This study had several strengths. First, the PAP treatment was conducted by authorized personnel in an ordinary primary healthcare setting. Thus, the results had high external validity. Another strength was the use of linear mixed-effects models in the statistical analysis of longitudinal data and repeated measures. These models used all the available data, took the dependence structure in the data into account, and will, under the assumption of data MAR, yield unbiased parameter estimates. These features reduced the risk of type I and type II errors [47, 48]. Although the patients were randomized into two intervention groups, there was no control group of patients that received the usual care. This design complicated the interpretation of outcomes, given that the groups showed similar results. However, for both groups, the PAP intervention originated from a longitudinal observational study, where PAP treatment was part of the daily clinical practice; thus, we lacked the resources to organize a study design with three arms [22, 23]. Moreover, there were ethical arguments against randomizing patients from an ongoing PAP treatment to a control group without intervention. Establishing a new lifestyle habit takes time, and it would have been inappropriate to hinder motivated patients to continue a treatment, which in the long run, could positively affect their behaviour.


This study demonstrated that during continued, long-term, 2-year intervention with two PAP treatment strategies, the PA level, metabolic health, and HRQOL increased in patients with insufficient PA level after a prior 6-month PAP treatment with no significant differences between groups. The results indicate to be independent of any changes in pharmacological treatment. The PAP treatment was feasible in an ordinary primary care setting, and the continuous support and duration of the intervention may be important factors for patients to increase and maintain PA. Improving metabolic risk factors benefits both the patients and the healthcare system. Further research is needed to evaluate the benefit of individualized long-term PAP treatment.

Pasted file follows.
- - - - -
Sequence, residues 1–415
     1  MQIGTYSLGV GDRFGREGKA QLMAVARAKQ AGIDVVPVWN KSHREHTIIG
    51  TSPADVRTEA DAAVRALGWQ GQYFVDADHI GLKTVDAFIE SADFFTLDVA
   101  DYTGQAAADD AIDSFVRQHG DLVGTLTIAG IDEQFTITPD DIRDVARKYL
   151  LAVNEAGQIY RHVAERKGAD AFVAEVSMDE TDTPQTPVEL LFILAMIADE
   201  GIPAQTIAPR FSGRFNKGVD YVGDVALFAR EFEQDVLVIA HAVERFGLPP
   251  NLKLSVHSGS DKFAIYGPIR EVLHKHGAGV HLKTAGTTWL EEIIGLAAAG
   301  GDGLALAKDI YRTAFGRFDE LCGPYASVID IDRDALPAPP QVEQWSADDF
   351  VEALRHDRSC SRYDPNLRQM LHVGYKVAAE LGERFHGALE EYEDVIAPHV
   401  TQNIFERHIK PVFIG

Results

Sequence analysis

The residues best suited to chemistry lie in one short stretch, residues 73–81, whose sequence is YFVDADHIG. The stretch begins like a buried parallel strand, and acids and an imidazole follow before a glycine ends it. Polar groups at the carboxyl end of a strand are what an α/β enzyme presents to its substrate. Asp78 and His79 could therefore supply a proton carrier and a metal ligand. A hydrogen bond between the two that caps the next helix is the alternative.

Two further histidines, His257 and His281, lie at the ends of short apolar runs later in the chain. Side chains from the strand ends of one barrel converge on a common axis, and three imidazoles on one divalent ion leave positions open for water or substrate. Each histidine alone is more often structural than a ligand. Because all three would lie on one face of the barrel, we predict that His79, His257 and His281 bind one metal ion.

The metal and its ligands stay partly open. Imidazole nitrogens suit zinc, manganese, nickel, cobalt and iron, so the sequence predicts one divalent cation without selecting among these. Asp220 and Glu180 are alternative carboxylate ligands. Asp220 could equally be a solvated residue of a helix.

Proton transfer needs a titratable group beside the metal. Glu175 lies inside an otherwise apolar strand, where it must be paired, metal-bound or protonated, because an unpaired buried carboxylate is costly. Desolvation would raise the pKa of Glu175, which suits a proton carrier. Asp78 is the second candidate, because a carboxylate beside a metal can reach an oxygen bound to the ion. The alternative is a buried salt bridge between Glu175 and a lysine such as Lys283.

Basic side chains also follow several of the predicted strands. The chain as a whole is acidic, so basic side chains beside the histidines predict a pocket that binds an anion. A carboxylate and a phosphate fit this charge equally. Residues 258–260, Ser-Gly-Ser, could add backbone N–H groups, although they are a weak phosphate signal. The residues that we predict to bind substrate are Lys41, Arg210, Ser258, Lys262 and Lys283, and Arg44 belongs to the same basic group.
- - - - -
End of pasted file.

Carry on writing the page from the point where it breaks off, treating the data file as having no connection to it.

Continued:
Availability of data and materials

Data relevant to the study are included in the article and uploaded as supplementary information. The data that support the findings of this study are available from the corresponding author on reasonable request.



American College of Sports Medicine


American Heart Association


Body mass index




Diastolic blood pressure


Fasting plasma glucose


Health care centre


High-density lipoprotein


Health-related quality of life


Intention to treat


International Physical Activity Questionnaire


Low-density lipoprotein


Linear mixed effects models


Mental component summary


Metabolic equivalent


Non-communicable diseases


Physical activity


Physical activity on prescription


Physical component summary




Randomized controlled trial


Systolic blood pressure


Swedish State’s Medical Assessment



VO2 max:

Maximal oxygen uptake


Waist circumference


  1. 1.

    Global, regional, and national age-sex-specific mortality for 282 causes of death in 195 countries and territories, 1980–2017: a systematic analysis for the Global Burden of Disease Study 2017. Lancet. 2018;392(10159):1736–88.

  2. 2.